July 2006
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Beekeeper, Wally Sanders

by Grace Smith

 
  Sanders began his bee keeping operation in 2002 with just one hive, but it has grown into a 25-hive operation. Several of his hives have more than 5 "supers," or boxes used for honey retrieval.
A.I. Root, a renowned beekeeper, once described beekeeping as "a hazardous business, even amongst the most thorough and careful." While there are many risks associated with the occupation, Wally Sanders has found beekeeping an enjoyable and rewarding undertaking.

Sanders spent his childhood working on his family’s farm in Eva. After high school he attended college at Snead State until he transferred to the University of North Alabama, then Florence State, on a basketball scholarship. After college he held coaching jobs at several north Alabama schools and in 1984 he and his family settled in Decatur where he accepted a coaching position at Decatur High School. He coached there 15 years until his retirement in 1999.

Retirement took Sanders back to his roots in many ways. He said he didn’t really care to start farming like his family had, but he soon embraced his past and started a garden on the land his family had farmed when he was a boy. He didn’t move back to Eva, but he spent much of his time there caring for his garden. Retirement had carried Sanders to a familiar place but it would soon introduce him to a not-so-familiar hobby.

After three years, Sanders decided to grow an orchard on the property. During the following five years he toiled over his land until he had an orchard of peaches, berries, muscadines and apple trees. However, in 2004 his operation began to shift its focus.

 
Beekeeper Wally Sanders, reminisces about his childhood as he admires several of his beehives located at the back of the 24-acre plot his family farmed when he was young.  
"A friend told me, ‘you gotta have some bees if you’re going to have an orchard’," Sanders said. "So I bought a hive, but I didn’t know what I was doing and wax moths got in and destroyed it."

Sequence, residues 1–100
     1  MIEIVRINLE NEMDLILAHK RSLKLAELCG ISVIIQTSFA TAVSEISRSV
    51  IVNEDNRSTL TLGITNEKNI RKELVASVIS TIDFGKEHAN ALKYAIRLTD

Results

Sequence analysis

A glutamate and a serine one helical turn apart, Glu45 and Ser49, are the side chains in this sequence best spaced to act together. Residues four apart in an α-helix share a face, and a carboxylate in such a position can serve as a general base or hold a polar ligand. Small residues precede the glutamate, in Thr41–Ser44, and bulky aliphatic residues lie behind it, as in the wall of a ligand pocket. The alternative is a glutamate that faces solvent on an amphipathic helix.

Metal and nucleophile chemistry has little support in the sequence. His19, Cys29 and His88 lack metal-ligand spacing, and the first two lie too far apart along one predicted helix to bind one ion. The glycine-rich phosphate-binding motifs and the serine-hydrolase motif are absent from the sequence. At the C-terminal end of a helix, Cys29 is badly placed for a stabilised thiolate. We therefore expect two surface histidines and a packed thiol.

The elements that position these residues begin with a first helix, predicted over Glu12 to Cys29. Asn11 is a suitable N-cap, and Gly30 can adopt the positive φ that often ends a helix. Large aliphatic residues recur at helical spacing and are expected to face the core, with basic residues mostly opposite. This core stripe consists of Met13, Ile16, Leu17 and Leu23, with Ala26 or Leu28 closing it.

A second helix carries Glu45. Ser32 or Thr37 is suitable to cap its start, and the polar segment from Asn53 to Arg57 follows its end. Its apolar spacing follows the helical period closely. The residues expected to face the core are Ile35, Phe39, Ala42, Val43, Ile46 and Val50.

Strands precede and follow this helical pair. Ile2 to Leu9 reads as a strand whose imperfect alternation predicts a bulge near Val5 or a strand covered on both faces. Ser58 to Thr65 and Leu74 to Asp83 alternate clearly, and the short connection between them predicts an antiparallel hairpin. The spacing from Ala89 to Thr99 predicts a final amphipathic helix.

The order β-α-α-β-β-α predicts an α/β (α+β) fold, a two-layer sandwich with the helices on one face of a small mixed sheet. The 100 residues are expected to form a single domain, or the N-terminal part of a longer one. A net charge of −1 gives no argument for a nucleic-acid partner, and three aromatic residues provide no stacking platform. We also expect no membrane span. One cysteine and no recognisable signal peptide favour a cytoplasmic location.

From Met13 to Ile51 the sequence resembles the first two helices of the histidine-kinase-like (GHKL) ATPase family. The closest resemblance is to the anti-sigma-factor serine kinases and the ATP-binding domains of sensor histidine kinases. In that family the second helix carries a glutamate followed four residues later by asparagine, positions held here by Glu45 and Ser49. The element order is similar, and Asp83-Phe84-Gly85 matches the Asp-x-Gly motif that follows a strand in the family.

Sanders didn’t give up. He started reading and studying about bees and beekeeping. Each year he added more hives and each year he had growing success.

Now Sanders has 25 hives and he says it has grown into quite a bit of work. "Bees require a lot more time than the orchard," he said. "But I enjoy them. Everything about a hive has rhyme and reason. There’s a structure to it."

Sanders’ farm covers 24 acres, some of which is planted in beans. The orchard sits adjacent to a barn he has recently built. Sanders said he had wanted to build the barn for a while and he had always wanted an apartment in his barn.

"Last fall I decided I was just going to build the barn and hold off on the apartment until later," Sanders said. "I built the barn and my granddaughter asked if I was going to have something that flushed. I decided I better go ahead and build the apartment too."

The apartment sits on top of the barn and comes complete with multiple bathrooms, a kitchen, sleeping and living area. Some of the doors and furniture in the living quarters came from the old high school in Eva. Sanders said the bottom part would eventually be used to work his bees.

 
  Sander’s barn, built last fall, peers behind several of his beehives. The bright red barn features an area for his bee work and an upstairs living space.
A deck outside his apartment overlooks his orchard and a few of his hives. Those hives sit alongside a rustic road lined with Tulip Poplar trees that winds through Sanders’ scenic 24-acre plot and ends at the back of the property where a creek meanders.

Sanders has built a fire pit and seating areas near the creek. He said the hideaway gets much use as it is a popular spot for family, friends and his Sunday school class members to gather.

Perhaps one of the most interesting features of Sanders’ operation is its name. Sanders said his son helped him come up with the name.

"I had to come up with a name for the farm, so I asked my son. He’s really creative," Sanders said. "He said he’d think about it and get back to me. Well, he told me one day he’d come up with a name, Rednectar Honey Farm."

Sanders said he didn’t really like the name at first, but after a while it started to grow on him so he decided Rednectar Honey Farm would in fact be the farm’s name.

His fruit trees, Tulip Poplar trees and privet hedges are his bees’ main source of nectar. He said his harvest is determined by the success of those plants and trees. Sanders said he retrieved 103 gallons of honey last year. But this year he said his harvest will be down.

"We had a crazy spring," Sanders said. "We had about two weeks of winter weather. Many of the fruit trees had already bloomed out so the bees didn’t have any nectar for a while."

Sanders said rain and hail washed much of the nectar away after the Tulip Poplar trees and privet hedge bloomed. Because the nectar supply was so low, he said he may only retrieve about 50 to 60 gallons of honey this year.

Despite the uncooperative weather, Sanders said his bees are healthy and he anticipates better weather next year.

Beekeeping can be a hazardous business, but Sanders can overlook the risks of the occupation because of the great reward he’s received working with his bees.

"The first year I started, the bees got under my veil and I probably got stung five times," he said. "I’ve been stung so often now, it doesn’t really even hurt anymore.

Grace Smith is an AFC intern.